The Enormity of Change

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I’ve been meaning to write this article for some time, and I’ve again been prompted after a couple of awesome chats with clients recently – all based around the struggles they experience when trying to stick to dietary recommendations and training programs to achieve their goals.

Let me start by saying this: Motivation gets you started. Habit keeps you going.

But there’s a whole piece missing between motivation and habit. That’s what this article is all about.

When I meet a client for the first time, I never underestimate what it took for them to meet me. Their motivation is high. The result is a very positive and uplifting meeting when goals are set and timelines created.

It’s when we hit the 3 to 4 week stage – that’s when the wheels can start to fall off and it’s all due to existing habits getting in the way of new habits. Let me give you an example. Generally speaking, most of us experience stress or being time poor. (NOTE : Stress and time poor are the two most common excuses when the wheels come off a program). We start to convince ourselves that we ‘need’ a snack or drink because ‘it was a stressful day’. In reality, we’ve just allowed ourselves to have whatever we want, when we want it. We simply default to old habits when things get tough.


Traveling overseas vs a diet plan – The enormity of change

When I was 25, I traveled overseas on a one way ticket, excited at the prospect of life ahead of me (motivation at an all time high). I headed straight to Edinburgh, Scotland. I was there two weeks and hated it. I knew nobody. The only in-depth conversation I had was with people working in banks, post offices, or bars. I wondered what the hell I had done. I missed my friends, my family. There was so much I didn’t expect or consider, moving so far away from home.
I went through, what a therapist would call ‘stages of grief’. Sadness, regret, anger, depression and guilt but eventually I came out the other end and I was ok. I just had to figure it out. As a result, I grew as a person and learnt some life lessons. I created new habits. I adapted to change.

The one thing I couldn’t physically do was jump on a plane when things were getting tough, then go back when I was all good again. If I did that, I’d constantly give myself an excuse to go home. Never growing. Never learning. Never adapting.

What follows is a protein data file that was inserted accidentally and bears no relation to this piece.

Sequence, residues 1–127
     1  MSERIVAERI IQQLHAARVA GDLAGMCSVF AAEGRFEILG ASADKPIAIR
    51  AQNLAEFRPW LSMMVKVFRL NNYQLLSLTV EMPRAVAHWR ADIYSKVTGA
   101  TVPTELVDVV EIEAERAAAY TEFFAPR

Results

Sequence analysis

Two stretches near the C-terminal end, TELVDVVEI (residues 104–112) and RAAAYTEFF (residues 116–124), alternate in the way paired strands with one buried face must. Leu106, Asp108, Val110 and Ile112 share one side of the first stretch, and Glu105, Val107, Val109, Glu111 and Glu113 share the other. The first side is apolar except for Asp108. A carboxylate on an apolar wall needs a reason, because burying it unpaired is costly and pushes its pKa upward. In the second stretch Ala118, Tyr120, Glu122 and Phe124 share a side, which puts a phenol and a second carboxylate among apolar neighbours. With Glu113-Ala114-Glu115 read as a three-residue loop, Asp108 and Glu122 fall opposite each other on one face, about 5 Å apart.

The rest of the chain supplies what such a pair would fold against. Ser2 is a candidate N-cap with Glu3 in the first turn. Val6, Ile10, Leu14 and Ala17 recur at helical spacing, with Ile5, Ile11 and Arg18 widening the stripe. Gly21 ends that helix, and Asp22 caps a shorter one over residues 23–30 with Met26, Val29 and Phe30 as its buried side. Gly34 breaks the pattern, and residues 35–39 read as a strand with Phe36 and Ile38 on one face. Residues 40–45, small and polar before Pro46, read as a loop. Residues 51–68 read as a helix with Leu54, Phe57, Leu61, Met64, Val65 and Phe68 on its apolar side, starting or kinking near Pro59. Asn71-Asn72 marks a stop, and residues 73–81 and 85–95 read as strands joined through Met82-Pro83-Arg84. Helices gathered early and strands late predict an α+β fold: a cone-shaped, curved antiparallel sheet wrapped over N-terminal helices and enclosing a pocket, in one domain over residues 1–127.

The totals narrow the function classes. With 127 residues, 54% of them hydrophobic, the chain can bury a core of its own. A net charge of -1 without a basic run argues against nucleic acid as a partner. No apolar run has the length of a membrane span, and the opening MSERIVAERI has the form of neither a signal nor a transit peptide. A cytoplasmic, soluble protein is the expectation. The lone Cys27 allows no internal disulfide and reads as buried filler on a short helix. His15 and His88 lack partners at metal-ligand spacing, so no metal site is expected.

This, sadly is the way we approach diets or dietary recommendations.
We start with high levels of motivation but when things get tough, we resort to current habits. Never growing or learning. But we do become really good at creating excuses. 🙂

The difference when traveling overseas is that you are forced to adapt. Your whole environment is different. You don’t get a choice. You figure it out.



When you make the decision to change your diet or training, your environment (friends, family, job, social engagements) stays the same. In fact the ONLY thing changing is you. This is why it’s so hard to stay on track. You’re not forced to adapt, you’re choosing to adapt. Trying to change the path you’re on when nothing else about you or your environment is changing is a massive challenge!!

Whenever we need to adapt to a new environment, (traveling overseas, moving cities, getting married, changing jobs) I believe there are stages of grief we experience when creating new habits. But we always adapt, and we learn and grow as a result.

It’s the same with diets. Think about it. If you’ve ever tried a strict diet, I guarantee there’s been moments where you’ve felt sad at the point of not being able to eat what you want, leading to a feeling of depression. Maybe even anger. Or even guilty that you’ve made the call to not drink with your mates at the pub. If you take the easy path to have that drink or snack in these moments when it gets tough, then you’re effectively not learning from these feelings, you’re giving into them. No matter how convincing your excuses may sound.

I get how tough it is. (If it was easy, there would be no reason for this article). You need a solid support network and you need a structured program outline. More importantly, you need to ditch the excuses and work on getting through the tough moments. You’ll appreciate the outcome at the other end. 🙂


My golden rule for seeing through tough moments

Treat each moment as if you had no choice. Allow zero negotiations with friends encouraging you for ‘one’ drink, ‘one’ piece of chocolate, ‘one’ small piece of pizza. More importantly, don’t negotiate with yourself. “I’ll just have this treat now and work harder tomorrow”.
Use my ‘traveling overseas’ principle. If you don’t have a choice, you’ll simply adapt and you’ll get through it.

If you’re looking for assistance to help get you on track and keep you there, contact me at


To your continues health and fitness,

John Field

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